Chemical weapons are still a threat, although banned
All lethal chemical weapons were banned by the Chemical Weapons Convention of 1997, which has been signed by nearly every country in the world. However, the recent use of chemical weapons in Syria shows that they remain a threat. The use of such weapons by terrorist groups is also possible and could conceivably cause large-scale loss of life. Initial detection of chemical agents in the field is often carried out by ion mobility spectrometry, with confirmation by portable GC-MS. However, less volatile nerve agents, such as VX and related compounds, are not easy to detect by the latter method. INFICON’s Hapsite ER instrument is able to detect a wide range of volatile nerve agents and other chemical weapons by GC-MS, but cannot detect VX, which is strongly retained on the sampling probe, column and hydrophobic membrane. The Japanese researchers introduced a pre-column treatment step in which silver fluoride converted compounds such as VX to more volatile fluorine compounds (i.e. F replacing SR on the phosphorus in the case of VX and its analogues), which are readily detected by GC-MS. This is known as a VX-G conversion, since the products are EtGB in the case of VX and iBuGB in the case of Russian VX (RVX, which possesses an isobutyl group rather than the ethyl group found in VX).
VX and analogues converted to fluoride derivatives for GC-MS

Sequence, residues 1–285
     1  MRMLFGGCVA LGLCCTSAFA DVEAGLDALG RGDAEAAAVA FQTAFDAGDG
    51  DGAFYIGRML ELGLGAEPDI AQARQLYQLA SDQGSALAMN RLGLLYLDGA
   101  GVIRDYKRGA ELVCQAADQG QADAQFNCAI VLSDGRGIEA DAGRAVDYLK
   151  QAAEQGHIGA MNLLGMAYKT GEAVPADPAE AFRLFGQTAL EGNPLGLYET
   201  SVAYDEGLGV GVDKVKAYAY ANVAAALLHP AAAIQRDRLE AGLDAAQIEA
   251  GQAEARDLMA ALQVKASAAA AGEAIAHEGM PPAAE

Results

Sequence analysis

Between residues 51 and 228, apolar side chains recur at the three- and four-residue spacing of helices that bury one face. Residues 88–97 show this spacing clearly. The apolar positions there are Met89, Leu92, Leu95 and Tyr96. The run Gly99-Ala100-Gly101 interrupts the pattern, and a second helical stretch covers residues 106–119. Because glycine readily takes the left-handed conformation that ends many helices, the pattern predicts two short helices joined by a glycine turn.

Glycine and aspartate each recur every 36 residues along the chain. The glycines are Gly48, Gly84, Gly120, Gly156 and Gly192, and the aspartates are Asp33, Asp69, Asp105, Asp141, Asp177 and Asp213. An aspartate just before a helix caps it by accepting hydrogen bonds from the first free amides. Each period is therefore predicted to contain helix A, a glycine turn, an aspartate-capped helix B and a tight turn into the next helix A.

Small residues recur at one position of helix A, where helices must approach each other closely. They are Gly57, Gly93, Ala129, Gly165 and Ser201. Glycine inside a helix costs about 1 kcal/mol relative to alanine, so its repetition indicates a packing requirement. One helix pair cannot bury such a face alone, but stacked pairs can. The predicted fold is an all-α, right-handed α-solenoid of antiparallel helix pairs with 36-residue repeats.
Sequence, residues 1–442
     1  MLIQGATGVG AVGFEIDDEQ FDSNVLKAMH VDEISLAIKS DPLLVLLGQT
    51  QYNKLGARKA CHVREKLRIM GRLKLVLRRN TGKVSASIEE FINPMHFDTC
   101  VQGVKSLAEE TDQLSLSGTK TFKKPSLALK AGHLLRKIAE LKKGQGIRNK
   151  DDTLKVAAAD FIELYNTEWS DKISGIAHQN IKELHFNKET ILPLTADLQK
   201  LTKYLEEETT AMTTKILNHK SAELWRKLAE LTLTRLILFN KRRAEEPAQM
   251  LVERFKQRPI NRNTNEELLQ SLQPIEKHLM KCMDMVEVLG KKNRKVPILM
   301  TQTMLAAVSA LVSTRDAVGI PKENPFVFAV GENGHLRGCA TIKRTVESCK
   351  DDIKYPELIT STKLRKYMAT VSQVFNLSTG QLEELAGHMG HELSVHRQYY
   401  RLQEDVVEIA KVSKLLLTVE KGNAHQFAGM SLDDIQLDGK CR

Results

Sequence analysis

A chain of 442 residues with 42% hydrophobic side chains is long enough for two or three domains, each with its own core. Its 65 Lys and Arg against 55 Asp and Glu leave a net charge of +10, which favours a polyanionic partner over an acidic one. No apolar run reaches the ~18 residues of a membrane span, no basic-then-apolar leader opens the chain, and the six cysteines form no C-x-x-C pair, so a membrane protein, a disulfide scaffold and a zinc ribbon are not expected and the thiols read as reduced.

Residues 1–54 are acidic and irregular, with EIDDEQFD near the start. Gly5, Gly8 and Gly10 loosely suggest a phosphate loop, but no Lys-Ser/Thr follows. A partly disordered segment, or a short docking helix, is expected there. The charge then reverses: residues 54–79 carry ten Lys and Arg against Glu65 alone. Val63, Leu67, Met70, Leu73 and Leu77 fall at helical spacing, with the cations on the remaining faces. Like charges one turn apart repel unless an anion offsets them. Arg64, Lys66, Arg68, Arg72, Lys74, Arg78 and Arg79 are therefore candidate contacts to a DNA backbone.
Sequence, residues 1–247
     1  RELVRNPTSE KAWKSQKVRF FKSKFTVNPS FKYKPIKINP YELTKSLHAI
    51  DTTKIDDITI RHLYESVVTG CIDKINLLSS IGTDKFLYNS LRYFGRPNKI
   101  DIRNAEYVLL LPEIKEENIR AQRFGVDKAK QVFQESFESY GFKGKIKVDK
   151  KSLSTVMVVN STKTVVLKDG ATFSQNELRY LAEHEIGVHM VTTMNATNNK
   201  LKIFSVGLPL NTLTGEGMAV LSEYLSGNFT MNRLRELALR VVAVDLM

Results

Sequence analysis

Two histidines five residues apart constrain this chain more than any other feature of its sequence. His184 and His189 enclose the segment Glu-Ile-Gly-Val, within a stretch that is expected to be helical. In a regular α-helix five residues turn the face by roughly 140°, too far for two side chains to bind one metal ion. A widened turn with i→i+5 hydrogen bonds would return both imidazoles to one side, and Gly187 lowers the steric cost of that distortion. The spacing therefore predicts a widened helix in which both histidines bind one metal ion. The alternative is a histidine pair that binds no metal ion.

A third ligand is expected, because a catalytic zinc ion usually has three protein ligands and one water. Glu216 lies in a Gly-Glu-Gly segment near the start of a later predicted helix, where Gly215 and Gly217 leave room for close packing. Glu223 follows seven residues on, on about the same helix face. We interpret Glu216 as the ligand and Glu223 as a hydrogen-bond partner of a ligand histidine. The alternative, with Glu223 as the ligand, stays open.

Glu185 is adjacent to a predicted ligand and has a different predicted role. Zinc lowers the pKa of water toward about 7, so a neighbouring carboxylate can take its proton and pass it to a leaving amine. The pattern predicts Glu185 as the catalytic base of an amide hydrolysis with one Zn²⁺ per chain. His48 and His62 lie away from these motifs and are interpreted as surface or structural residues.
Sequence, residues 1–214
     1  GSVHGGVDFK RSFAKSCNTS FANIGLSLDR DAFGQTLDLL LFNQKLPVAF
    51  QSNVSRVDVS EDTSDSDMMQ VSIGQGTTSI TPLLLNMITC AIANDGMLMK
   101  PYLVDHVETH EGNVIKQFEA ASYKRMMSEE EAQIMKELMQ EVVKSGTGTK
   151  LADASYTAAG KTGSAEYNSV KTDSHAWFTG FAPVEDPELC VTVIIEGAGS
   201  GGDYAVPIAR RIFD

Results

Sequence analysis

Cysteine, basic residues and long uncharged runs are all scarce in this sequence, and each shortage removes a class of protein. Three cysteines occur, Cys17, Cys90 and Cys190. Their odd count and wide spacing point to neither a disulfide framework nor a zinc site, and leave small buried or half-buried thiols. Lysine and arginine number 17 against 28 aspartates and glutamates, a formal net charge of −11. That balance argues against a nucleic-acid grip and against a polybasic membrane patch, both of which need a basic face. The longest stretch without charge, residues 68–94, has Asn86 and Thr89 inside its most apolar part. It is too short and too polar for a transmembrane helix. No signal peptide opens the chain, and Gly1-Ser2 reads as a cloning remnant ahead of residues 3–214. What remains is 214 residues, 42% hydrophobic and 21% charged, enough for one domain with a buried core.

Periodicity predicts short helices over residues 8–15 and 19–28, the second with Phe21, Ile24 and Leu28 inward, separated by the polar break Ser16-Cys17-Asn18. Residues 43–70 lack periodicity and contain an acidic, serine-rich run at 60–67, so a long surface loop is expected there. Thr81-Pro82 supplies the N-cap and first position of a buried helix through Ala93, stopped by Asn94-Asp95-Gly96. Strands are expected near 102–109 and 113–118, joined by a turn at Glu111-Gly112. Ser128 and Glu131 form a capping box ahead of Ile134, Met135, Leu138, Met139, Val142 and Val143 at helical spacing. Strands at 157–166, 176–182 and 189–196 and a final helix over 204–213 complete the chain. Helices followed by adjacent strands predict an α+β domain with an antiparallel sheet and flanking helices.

The nerve agents were taken into the Hapsite ER instrument and reacted in a VX-G conversion tube containing a silver fluoride pad (a mixture of silver nitrate and potassium fluoride). Each tube had either a filter pad after the silver fluoride pad or else two filter pads forming a sandwich around the silver fluoride pad. The tubes were heated using a hot air gun. The volatiles were taken through the Hapsite ER’s Tri-Bed concentrator, which uses carbon-based sorbents to concentrate vapours. GC was carried out using the Hapsite ER system, which was fitted with a DB-1 capillary column run from 60 to 200 °C in a series of ramps. Bromopentafluorobenzene was used as an internal standard. The Hapsite ER’s quadrupole mass spectrometer with a membrane inlet and electron ionisation (EI) in positive mode gave mass spectra for the fluorine-containing species, which were confirmed by comparison with spectra from the NIST spectral library. Total ion chromatograms (TIC) and extracted ion chromatograms (EIC or XIC) were run. The authors noted that all work was carried out in a fume cupboard with protective clothing also being worn. In addition to VX and RVX, the fluoridation system also worked with GA (Tabun); in this case the cyanide group of the GA molecule was partially replaced by fluorine to give GAF, although unreacted GA was also detected by the system. The recovery ratios for VX varied, with the average overall recovery ratio being determined as 6.1%. The equivalent figure for RVX was 5.9%. The LOD (limit of detection) for both VX and RVX was estimated as 0.3 mg m-3, which is sufficiently low for effective field identification of these compounds. It was noted, however, that petrol (gasoline) vapour interfered with the detection process.
VX and RVX nerve agents can now be readily identified
The use of the conversion tube extends the efficacy of the Hapsite ER GC-MS system to the relatively non-volatile nerve agents VX and RVX. This extends the range of the apparatus, which now can detect a very wide range of chemical warfare agents. Further work is needed to reduce interference from other volatile substances, such as petrol vapour.
See also: Chemical Weapons and/or their Precursors